I cant remember a time a didnt need you
[Play the video game here]
Playtime approximately 30 min
[The art happens here]
Annka Kultys Gallery’s online platform dedicated to the showcasing of digital art in its natural habitat, so to speak. The creation in 2020 of [The art happens here] provides a natural extension to the gallery’s offline programme which has as one of its strengths the presentation of “digital natives” or artists making art that engages with technology and the internet.
ABOUT THE WORK
A fog has overtaken a city. Everyone who was in the city has now changed. Word spreads that this fog can support life that isn’t supported on earth. You are going to see if the fog will support your life or if you are the reason the fog has come.
In I cant remember a time I didnt need you (2020), Black British trans artist and game developper Brathwaite-Shirley employs gaming technology and infrastructure to enact a reparative reversal: to both the level and type of access typically afforded to white/cis, as opposed to Black/trans or other historically-marginalised groups.
Upon entering the space the viewer is met with the first of a series of acid green dialogue boxes glowing through a pixelated yellow misty city landscape. In order to be able to start the game and enter what the artist names *CITY OF DREAMS*, the viewer is requested to provide his/her name and identity (to be chosen among trans, non-binary, gender fluid, nothing, Cis, etc). The terms of engagement and the whole experience are dictated entirely by the viewer’s stated identity within the game, which determines the remaining narrative, as one of the prompts states REMEMBER YOUR IDENTITY IS RESPONSIBLE FOR ALL YOU WILL EXPERIENCE. Another of the prompts warns the viewer: THIS ARCHIVE CENTERS BLACK TRANS PEOPLE. THOSE THAT ARE NOT BLACK AND TRANS MAY FEEL UNCOMFORTABLE.”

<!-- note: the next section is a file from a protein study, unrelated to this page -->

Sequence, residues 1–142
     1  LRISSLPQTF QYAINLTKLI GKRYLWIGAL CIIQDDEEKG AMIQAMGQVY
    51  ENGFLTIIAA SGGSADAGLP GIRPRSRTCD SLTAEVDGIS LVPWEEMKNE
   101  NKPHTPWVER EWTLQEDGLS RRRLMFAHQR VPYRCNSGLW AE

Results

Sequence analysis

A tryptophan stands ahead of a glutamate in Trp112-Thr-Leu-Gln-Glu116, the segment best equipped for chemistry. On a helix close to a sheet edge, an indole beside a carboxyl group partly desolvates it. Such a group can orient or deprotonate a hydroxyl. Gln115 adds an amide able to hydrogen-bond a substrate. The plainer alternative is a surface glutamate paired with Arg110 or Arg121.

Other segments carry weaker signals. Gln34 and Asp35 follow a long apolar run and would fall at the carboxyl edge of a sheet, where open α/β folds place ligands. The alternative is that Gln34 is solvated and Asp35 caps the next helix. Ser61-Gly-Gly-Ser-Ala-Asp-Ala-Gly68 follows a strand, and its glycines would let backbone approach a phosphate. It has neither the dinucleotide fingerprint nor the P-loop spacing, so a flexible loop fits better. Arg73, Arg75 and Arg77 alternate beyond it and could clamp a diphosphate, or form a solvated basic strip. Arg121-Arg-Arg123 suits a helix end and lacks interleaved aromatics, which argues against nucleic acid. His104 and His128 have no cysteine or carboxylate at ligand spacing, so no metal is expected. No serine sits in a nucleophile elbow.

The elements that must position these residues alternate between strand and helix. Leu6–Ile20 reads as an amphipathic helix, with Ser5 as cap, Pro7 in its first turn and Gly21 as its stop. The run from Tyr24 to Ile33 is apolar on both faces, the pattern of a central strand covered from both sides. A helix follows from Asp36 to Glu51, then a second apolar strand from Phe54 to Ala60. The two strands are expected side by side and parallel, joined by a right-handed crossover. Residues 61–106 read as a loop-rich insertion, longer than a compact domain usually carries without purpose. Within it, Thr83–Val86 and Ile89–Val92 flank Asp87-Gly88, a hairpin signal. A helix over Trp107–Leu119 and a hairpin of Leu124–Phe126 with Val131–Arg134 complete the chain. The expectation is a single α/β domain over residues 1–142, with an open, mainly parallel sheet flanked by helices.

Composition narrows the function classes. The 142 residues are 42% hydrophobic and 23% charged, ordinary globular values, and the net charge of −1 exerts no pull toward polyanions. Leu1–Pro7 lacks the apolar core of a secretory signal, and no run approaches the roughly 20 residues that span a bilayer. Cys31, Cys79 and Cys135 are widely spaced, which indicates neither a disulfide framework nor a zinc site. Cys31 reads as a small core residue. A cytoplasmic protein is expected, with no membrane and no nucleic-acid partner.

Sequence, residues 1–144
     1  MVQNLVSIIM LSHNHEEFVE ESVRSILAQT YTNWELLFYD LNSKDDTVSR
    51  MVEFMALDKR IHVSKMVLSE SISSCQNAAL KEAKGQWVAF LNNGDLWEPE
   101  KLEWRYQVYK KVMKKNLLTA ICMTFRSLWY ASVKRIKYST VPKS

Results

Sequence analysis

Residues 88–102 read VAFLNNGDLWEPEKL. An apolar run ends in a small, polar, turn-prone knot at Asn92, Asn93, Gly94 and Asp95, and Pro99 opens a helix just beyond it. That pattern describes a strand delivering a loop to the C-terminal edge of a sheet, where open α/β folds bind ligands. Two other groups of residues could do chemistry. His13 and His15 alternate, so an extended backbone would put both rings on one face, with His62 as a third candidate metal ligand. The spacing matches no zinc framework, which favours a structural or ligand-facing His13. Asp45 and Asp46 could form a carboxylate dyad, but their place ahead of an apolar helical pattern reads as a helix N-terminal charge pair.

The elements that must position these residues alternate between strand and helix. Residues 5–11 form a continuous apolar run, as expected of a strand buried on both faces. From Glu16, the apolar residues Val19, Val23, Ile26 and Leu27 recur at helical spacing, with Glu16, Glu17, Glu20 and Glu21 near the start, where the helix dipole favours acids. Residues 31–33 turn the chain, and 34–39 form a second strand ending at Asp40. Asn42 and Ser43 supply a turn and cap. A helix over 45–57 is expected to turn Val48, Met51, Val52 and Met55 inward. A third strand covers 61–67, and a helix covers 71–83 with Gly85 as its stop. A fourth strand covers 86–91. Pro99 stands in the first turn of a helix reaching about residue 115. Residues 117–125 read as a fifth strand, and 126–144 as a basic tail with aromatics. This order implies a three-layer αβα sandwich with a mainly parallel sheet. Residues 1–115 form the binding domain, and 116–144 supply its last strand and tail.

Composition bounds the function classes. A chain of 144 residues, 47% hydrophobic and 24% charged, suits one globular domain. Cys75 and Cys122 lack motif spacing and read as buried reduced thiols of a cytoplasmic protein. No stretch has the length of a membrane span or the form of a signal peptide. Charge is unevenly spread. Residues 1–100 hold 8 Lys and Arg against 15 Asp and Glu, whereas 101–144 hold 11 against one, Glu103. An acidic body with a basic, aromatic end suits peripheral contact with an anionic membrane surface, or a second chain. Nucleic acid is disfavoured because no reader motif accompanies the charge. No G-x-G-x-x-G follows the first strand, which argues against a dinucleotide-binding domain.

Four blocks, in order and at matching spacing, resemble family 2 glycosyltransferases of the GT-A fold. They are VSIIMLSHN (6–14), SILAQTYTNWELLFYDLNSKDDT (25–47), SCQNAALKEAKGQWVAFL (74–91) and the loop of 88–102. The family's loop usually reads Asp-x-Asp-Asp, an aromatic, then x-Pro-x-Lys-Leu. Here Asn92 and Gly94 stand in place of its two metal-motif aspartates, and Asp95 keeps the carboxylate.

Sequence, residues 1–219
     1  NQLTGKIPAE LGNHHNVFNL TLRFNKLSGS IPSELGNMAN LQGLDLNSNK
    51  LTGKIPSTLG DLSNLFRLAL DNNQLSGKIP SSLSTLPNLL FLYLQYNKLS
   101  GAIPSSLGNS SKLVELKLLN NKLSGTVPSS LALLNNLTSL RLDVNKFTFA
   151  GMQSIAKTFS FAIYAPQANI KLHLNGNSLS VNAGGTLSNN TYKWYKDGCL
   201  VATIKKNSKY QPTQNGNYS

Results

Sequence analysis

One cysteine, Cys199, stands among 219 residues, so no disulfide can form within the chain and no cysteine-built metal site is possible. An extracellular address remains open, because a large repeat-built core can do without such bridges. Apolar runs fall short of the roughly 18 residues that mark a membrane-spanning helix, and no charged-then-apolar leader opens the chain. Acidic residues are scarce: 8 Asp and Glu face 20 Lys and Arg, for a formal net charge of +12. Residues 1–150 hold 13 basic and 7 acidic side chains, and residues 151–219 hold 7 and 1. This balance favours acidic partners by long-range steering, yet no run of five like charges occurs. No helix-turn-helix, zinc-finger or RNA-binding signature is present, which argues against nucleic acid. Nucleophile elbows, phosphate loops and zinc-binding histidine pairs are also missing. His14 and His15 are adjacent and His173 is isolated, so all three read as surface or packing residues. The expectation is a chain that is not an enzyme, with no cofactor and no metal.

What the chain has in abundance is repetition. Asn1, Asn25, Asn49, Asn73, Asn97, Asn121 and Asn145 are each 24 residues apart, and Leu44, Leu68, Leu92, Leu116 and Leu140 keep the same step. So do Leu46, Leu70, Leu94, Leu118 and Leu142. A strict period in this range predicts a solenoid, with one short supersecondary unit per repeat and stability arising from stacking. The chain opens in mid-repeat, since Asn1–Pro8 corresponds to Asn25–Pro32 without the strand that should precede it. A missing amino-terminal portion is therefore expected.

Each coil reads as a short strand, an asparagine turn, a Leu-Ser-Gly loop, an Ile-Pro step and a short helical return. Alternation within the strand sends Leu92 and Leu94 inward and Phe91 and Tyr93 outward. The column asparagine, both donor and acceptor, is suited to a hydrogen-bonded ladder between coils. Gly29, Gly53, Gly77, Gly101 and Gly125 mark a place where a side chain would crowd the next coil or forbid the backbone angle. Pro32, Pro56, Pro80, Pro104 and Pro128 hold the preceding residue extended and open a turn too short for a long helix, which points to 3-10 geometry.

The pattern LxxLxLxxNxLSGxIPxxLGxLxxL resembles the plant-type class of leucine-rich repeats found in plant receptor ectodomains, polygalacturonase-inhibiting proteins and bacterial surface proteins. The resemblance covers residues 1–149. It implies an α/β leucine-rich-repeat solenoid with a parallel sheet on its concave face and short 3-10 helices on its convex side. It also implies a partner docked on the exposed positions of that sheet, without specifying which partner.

This ‘discomfort’ in different spaces takes the form of various checks and balances: narrative dead-ends, exclusion from spaces such as the Trans Club, and at one point, even a gamified surgical removal of ‘the violent gaze’. By contrast, those undertaking the Black Trans path through a variety of rooms such as a Pharmacy, a Trans Club, a Hotel, a Temple or Alleyway are rather led with care, empathy, guidance, and protection, culminating in a call for rest.
Throughout history, Black Trans stories have either been erased, or else not recorded in mainstream accounts to begin with, including within video games. Where they do appear, it is often bound to an account of violence, echoing theorist Derek Hook’s argument that the circulation of Black trauma is part of a fantasy of deserved pain, an arena where existing power structures are re-asserted rather than undermined.
The work builds on Brathwaite-Shirley’s already extensive oeuvre of animation, performance, and video games that deals with exploring, recording, and championing Black trans history and identity. In a society determined to erase these stories, I cant remember a time I didnt need you forces the viewer to confront the complex dialectics of voyeurism, spectacle and participation both within and outside the game.
Playtime: approx 30 min.
Through the practice of video games, performance, interactive video animation and sound, British artist Danielle Brathwaite-Shirley creates work centred around the history and present reality of the Black trans experience, tackling the process issues of self and imposed identities and ways of broadening the experience of the world.
Danielle Brathwaite-Shirley (b. 1995) graduated from the Slade School of Fine Art in London in 2019, and lives and works in London. This online exhibition on Annka Kultys Gallery online platform [The art happens here] dedicated to showcase of digital art in its natural habitat, marks the artist’s first solo presentation with the gallery.
In 2020, Danielle Brathwaite-Shirley produced a solo performance work at Tate Modern, London. Recent solo exhibitions have taken place at Annka Kultys Gallery, London, UK (2021); Focal Point Gallery, London, UK (2020); Science Gallery, London, UK (2020); and MU Hybrid Art House, London, UK (2020). Group exhibitions include Re$$urection Lands, Les Urbaines, Lausanne, Switzerland (2019); BBZ GRADUATE SHOW, Copeland Gallery, London, UK (2019); and Transpose: The Future, Barbican, London, UK (2018).
STILLS OF THE VIDEO
Art in America contributor, the writer and curator Legacy Russell, has profiled the virtual experience works of Danielle Brathwaite-Shirley to show the dangers of “trans tourism” and how “building an archive is a trust exercise”. The article focuses closely on i cant remember a time I didnt need you, presented on Annka Kultys Gallery’s Digital platform, [the art happens here] →